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Heat-not-burn tobacco products: a systematic literature review
  1. Erikas Simonavicius1,
  2. Ann McNeill1,2,
  3. Lion Shahab3,
  4. Leonie S Brose1,2
  1. 1 Department of Addictions, Institute of Psychiatry, Psychology and Neuroscience, King’s College London, London, UK
  2. 2 UK Centre for Tobacco and Alcohol Studies, UK
  3. 3 Department of Behavioural Science and Health, University College London, London, UK
  1. Correspondence to Erikas Simonavicius, Department of Addictions, Institute of Psychiatry, Psychology and Neuroscience, King’s College London, London SE5 8BB, UK; erikas.simonavicius{at}kcl.ac.uk

Abstract

Objective To review peer-reviewed evidence on heat-not-burn tobacco products (HnB), their secondhand emissions and use by humans; to identify differences between independent and industry-funded studies.

Data sources Medline, Embase, PsycINFO, ProQuest, Scopus and Web of Science databases were searched up to 6 November 2017 for studies on HnB published after December 2009; reference lists were screened and other researchers contacted, yielding 637 records.

Study selection Thirty-one publications on HnB secondhand emissions (n=16) or use by humans (n=15) were selected by two reviewers with excellent agreement (k=0.75).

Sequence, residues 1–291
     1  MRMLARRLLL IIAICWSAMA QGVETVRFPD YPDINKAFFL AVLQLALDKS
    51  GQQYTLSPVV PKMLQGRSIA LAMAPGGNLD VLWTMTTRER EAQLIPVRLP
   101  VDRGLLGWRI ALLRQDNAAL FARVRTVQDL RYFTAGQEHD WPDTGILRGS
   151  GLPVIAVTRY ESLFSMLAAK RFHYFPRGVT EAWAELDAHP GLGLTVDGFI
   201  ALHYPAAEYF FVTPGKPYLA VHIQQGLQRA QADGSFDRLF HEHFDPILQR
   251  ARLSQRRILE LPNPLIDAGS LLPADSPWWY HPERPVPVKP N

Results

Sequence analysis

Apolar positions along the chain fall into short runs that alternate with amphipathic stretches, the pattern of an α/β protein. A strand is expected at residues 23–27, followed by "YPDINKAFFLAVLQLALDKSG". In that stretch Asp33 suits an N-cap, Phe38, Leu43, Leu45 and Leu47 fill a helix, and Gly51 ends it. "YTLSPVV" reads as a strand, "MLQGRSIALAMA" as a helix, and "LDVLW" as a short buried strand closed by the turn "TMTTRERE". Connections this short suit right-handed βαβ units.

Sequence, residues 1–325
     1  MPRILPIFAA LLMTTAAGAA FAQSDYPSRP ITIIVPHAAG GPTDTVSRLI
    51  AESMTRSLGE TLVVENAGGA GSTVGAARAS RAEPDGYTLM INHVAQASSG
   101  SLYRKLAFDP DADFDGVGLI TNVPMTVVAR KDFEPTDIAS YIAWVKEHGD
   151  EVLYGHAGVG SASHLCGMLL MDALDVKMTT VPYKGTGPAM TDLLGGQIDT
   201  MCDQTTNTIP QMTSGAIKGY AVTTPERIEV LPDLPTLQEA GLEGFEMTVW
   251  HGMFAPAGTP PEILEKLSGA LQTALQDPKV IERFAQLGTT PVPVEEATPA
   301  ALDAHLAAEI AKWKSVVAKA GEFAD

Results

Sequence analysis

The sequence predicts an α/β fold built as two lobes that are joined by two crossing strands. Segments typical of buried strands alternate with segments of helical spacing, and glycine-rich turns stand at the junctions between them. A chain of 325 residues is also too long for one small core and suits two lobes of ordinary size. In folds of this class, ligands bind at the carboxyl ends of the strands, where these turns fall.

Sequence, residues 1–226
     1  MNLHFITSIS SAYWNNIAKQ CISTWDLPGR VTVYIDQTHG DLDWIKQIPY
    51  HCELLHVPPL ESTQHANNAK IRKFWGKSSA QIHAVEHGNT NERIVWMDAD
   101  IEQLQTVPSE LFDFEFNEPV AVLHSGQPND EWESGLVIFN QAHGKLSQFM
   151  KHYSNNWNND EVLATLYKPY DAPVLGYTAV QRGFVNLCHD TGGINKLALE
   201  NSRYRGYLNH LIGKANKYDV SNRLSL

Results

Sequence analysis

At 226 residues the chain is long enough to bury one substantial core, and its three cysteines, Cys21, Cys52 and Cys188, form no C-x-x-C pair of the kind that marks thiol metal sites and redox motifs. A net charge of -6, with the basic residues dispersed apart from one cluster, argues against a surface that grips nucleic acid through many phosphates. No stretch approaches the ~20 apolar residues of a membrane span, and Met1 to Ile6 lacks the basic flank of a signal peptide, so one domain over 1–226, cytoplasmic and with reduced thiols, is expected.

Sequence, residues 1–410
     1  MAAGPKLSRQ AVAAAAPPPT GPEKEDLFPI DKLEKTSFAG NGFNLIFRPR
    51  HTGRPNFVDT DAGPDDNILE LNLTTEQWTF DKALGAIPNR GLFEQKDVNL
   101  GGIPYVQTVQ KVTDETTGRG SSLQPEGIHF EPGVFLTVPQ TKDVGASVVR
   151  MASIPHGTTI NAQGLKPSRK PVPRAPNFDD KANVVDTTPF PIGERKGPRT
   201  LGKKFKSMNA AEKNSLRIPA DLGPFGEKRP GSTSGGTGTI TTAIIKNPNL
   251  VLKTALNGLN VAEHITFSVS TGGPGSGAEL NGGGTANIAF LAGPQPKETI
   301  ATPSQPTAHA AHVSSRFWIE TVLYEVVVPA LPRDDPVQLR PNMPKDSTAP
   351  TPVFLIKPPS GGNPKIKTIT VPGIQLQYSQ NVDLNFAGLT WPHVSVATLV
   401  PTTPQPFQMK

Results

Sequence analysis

Data extraction Data on authors’ affiliations, HnB products, secondhand emissions and human exposure were extracted by one reviewer. Two reviewers assessed the quality of experimental HnB studies using the Effective Public Health Practice Project tool.

Data synthesis Twenty out of 31 studies were affiliated with tobacco industry. Studies on secondhand emissions varied by methodology, products and comparators. Compared with cigarettes, HnB delivered up to 83% of nicotine and reduced levels of harmful and potentially harmful toxicants by at least 62% and particulate matter by at least 75%. Experimental HnB use studies were limited to one product, reductions of human exposure to toxicants varied between 42% and 96%. HnB use suppressed urges to smoke, but participants rated HnB less satisfying than cigarettes. While limited by methodological heterogeneity, findings were largely similar for independent and industry-funded studies.

Conclusions Studies on HnB secondhand emissions and human use were heterogeneous and largely affiliated with the manufacturers. HnB exposed users and bystanders to toxicants, although at substantially lower levels than cigarettes.

  • electronic nicotine delivery devices
  • toxicology
  • secondhand smoke
  • harm reduction
  • tobacco industry

This is an open access article distributed in accordance with the Creative Commons Attribution 4.0 Unported (CC BY 4.0) license, which permits others to copy, redistribute, remix, transform and build upon this work for any purpose, provided the original work is properly cited, a link to the licence is given, and indication of whether changes were made. See: https://creativecommons.org/licenses/by/4.0/.